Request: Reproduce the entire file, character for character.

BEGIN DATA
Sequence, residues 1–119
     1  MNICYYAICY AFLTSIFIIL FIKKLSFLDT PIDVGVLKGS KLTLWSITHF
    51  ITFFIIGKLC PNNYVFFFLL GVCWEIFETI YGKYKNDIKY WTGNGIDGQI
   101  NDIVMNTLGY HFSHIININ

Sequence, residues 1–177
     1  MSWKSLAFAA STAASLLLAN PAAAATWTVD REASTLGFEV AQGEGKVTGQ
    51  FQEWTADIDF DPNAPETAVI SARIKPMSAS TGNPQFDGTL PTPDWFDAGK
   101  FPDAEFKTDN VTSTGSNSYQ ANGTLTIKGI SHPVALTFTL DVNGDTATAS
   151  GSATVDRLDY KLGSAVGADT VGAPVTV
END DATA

Sequence, residues 1–119
     1  MNICYYAICY AFLTSIFIIL FIKKLSFLDT PIDVGVLKGS KLTLWSITHF
    51  ITFFIIGKLC PNNYVFFFLL GVCWEIFETI YGKYKNDIKY WTGNGIDGQI
   101  NDIVMNTLGY HFSHIININ

Sequence, residues 1–177
     1  MSWKSLAFAA STAASLLLAN PAAAATWTVD REASTLGFEV AQGEGKVTGQ
    51  FQEWTADIDF DPNAPETAVI SARIKPMSAS TGNPQFDGTL PTPDWFDAGK
   101  FPDAEFKTDN VTSTGSNSYQ ANGTLTIKGI SHPVALTFTL DVNGDTATAS
   151  GSATVDRLDY KLGSAVGADT VGAPVTV